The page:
How muscle loss shrinks your brain and the vitamin that protects both

Keeping bones and muscles strong and healthy is just as important as preventing chronic illnesses like heart disease and diabetes.

In fact, keeping muscles strong may be just the thing to help prevent age-related illnesses.

For example, have you ever heard of sarcopenia?

It’s the loss of skeletal muscle mass and function that happens naturally as we age. In the later stages, it’s usually referred to as frailty. Sarcopenia is brought on by a variety of factors, including decreasing hormones and nutrition deficiencies.

It’s also one of the most prominent causes of disease and loss of independence in older adults.

How muscle loss leads to illness

Muscles are your protein warehouses. This means the more muscle you have, the more protein your body has to repair and maintain itself.

When your muscle mass deteriorates, as in sarcopenia, it leaves you vulnerable to chronic illnesses because your body doesn’t have the resources it needs to fend them off.

Related: Why strength matters most to women 50+

Experts have long told us that resistance training, like lifting weights or doing bodyweight moves like push-ups and squats, can increase muscle mass.

But did you know there’s a nutrient that’s absolutely essential to keeping muscles strong and healthy? If you’re not getting enough of this, you could be headed down a dark road to chronic illness and a loss of independence.

This “wonder nutrient” is none other than vitamin D.

Vitamin D is so important to your muscles — and brain

You see, new research shows that having adequate levels of vitamin D can help to prevent muscle loss. It makes sense if you think about it. Vitamin D acts as both a nutrient and a hormone in our bodies, so this one thing has a huge impact on our musculoskeletal health.

A study out of Trinity College in Dublin, Ireland found that adults aged 60 and older with poor levels of vitamin D were more likely to have muscle weakness, poor muscle performance and loss of muscle mass.

There’s also a ton of research linking weak muscles to dementia and other cognitive impairments.

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Muscle loss makes your brain shrink

Weak muscles can cause an unsteady gait or walk. And aside from increasing the risk of falls, there’s a growing body of research that shows a link between an unsteady gait and an increased risk of dementia.

You see, when muscle loss occurs, it can also cause the brain’s cortex to thin and shrink. This area of the brain is essential for memory, cognition, and thoughts.

The cortex is also where language is stored. So, when the cortex starts to shrivel, speech can become more difficult, too.

Research from Australia National University also links a lowering of body mass index (a measurement of muscle, fat and bone weight) in late life to the risk of brain shrinkage.

Lead author of the study, Marnie Shaw, said, “In older people who are losing weight, we saw more cortical thinning than those with stable weight. That’s because, at that age, it’s generally related to muscle loss.”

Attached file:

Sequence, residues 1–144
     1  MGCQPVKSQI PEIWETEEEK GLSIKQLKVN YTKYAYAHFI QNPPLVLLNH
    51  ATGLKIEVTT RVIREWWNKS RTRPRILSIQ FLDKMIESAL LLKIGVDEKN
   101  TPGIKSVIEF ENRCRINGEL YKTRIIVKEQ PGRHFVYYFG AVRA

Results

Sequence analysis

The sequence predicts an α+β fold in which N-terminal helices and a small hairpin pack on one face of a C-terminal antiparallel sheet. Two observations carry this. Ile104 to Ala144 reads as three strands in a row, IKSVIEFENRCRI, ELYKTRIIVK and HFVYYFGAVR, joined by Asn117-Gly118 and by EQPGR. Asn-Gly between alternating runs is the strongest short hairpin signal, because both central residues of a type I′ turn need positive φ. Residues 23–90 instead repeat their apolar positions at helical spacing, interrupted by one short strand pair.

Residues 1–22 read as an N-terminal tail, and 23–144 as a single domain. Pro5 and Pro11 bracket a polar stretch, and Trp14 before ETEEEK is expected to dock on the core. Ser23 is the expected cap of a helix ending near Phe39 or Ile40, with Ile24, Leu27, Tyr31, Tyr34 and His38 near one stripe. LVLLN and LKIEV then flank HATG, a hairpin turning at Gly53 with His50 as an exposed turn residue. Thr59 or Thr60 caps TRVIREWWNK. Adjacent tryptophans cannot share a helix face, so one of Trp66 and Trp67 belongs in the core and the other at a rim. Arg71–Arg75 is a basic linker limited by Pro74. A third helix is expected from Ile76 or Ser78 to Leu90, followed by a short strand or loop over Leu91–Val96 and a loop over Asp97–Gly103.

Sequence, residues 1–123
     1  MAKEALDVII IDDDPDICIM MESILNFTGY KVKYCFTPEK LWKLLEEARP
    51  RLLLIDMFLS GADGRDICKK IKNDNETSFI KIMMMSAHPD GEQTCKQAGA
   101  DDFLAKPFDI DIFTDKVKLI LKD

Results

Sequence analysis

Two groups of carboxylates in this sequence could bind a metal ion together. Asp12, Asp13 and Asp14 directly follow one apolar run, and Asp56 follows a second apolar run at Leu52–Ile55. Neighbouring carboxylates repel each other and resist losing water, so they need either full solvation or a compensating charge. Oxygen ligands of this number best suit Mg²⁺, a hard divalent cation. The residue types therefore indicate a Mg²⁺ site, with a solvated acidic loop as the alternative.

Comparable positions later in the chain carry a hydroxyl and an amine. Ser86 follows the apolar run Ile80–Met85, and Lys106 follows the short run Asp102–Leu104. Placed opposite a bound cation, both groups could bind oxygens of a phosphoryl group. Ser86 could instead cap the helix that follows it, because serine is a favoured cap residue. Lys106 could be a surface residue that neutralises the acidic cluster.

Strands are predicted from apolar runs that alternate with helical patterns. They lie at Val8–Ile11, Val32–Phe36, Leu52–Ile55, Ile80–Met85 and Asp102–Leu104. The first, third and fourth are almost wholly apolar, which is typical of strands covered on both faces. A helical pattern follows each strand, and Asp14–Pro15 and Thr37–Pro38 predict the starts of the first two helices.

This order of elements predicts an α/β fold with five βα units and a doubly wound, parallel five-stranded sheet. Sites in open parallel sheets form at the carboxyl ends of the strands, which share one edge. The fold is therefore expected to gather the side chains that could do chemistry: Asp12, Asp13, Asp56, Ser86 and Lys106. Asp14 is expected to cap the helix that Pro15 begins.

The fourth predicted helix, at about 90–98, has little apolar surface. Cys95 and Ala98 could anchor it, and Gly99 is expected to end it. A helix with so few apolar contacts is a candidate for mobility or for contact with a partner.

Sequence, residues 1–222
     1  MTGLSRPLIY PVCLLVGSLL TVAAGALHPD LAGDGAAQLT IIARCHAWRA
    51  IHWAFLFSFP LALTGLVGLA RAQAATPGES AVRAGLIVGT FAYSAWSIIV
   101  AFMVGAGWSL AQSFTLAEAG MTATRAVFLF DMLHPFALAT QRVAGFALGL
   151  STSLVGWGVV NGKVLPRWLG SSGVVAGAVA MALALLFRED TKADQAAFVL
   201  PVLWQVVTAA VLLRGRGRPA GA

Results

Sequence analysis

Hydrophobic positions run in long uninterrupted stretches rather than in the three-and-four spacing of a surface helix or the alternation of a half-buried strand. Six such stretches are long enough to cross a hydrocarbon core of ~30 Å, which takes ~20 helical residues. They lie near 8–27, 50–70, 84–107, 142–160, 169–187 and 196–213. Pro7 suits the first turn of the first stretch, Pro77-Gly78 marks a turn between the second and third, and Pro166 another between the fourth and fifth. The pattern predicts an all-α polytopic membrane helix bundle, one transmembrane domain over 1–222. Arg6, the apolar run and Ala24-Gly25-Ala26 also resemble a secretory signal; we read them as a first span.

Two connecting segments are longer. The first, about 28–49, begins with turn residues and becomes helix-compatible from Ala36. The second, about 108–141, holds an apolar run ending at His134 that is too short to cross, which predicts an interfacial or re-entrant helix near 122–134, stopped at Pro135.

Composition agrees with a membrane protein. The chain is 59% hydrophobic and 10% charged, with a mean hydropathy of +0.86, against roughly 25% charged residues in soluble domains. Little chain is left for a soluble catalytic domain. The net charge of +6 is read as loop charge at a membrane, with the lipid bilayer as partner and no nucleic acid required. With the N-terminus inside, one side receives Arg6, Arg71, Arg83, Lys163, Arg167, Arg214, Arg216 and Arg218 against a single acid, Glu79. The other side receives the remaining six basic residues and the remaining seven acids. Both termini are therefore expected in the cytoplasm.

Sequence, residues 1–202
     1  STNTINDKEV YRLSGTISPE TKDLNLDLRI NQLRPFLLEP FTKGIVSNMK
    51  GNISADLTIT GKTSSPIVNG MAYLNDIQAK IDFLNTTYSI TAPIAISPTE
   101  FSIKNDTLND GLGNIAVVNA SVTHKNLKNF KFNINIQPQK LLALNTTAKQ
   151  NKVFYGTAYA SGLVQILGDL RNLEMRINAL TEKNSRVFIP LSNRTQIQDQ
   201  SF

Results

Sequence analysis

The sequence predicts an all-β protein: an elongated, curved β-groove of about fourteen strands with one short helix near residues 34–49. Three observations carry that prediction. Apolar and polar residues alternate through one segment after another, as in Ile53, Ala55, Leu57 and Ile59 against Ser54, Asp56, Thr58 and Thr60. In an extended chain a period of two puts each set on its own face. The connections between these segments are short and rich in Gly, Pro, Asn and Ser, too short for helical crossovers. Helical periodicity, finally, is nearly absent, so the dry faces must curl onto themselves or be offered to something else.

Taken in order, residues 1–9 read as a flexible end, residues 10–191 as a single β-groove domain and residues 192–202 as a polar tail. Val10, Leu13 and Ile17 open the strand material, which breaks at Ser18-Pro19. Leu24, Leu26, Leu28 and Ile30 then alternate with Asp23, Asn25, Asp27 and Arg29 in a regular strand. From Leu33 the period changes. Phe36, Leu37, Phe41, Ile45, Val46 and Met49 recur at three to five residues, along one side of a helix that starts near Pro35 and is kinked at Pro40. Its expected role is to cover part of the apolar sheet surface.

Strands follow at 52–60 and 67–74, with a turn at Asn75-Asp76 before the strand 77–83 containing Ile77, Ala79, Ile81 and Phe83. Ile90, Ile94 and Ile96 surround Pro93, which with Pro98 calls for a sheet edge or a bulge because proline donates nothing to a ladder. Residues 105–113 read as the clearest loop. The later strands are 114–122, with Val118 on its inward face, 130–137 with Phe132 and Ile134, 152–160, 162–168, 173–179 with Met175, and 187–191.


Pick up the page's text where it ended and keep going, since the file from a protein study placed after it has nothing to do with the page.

These results suggest losing muscle mass later in life is associated with brain changes that can increase the risk of dementia.

This study also revealed that losing body mass (muscle) can be an early sign of dementia 20 years or more before the cognitive decline is noticeable.

This period of time is called preclinical dementia. It can last for years, or even decades.

The researchers stated, “muscle loss close to the onset of dementia (less than 10 years before diagnosis) might be a consequence of the preclinical disease rather than a cause of dementia.”

A study published in The Journal of American Medical Association found that dementia-associated weight loss begins before the onset of the clinical symptoms as an early non-cognitive sign, and accelerates by the time the disease is actually diagnosed.

All this is to say that weak muscles, caused by vitamin D deficiency and/or lack of physical activity, may precede the onset of dementia.

And that’s something you want to avoid at all costs, am I right?

So make sure you’re getting enough vitamin D regularly, and start exercising regularly. Your brain and body will age slower and stay healthier longer.

Editor’s note: Are you feeling unusually tired? You may think this is normal aging, but the problem could be your master hormone. When it’s not working, your risk of age-related diseases skyrockets. To reset what many call “the trigger for all disease” and live better, longer, click here to discover The Insulin Factor: How to Repair Your Body’s Master Controller and Conquer Chronic Disease!

Sources:

  1. Sarcopenia in older adultsCurrent Opinion in Rheumatology
  2. The underappreciated role of muscle in health and diseaseThe American Journal of Clinical Nutrition
  3. Vitamin D deficiency is associated with poor muscle function in adults aged 60+ — EurekAlert!
  4. Association of Dual-Task Gait With Incident Dementia in Mild Cognitive ImpairmentJAMA Neurology
  5. Body mass index is associated with cortical thinning with different patterns in mid- and late-lifeInternational Journal of Obesity
  6. Low BMI, aging and brain shrinkage — ABC Radio National (Australian Broadcasting Corporation)
  7. A 32-year prospective study of change in body weight and incident dementia: the Honolulu–Asia Aging studyJAMA Neurology 

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Amanda Luft

By Amanda Luft

Amanda Luft is a writer based in Eau Claire, Wisconsin. She's written extensively in the natural health world, on everything from organic living and disease to the power of nature on your health. When she's not writing, or cooking and baking healthy food for her family, you can find her out walking in the woods, reading, and practicing yoga.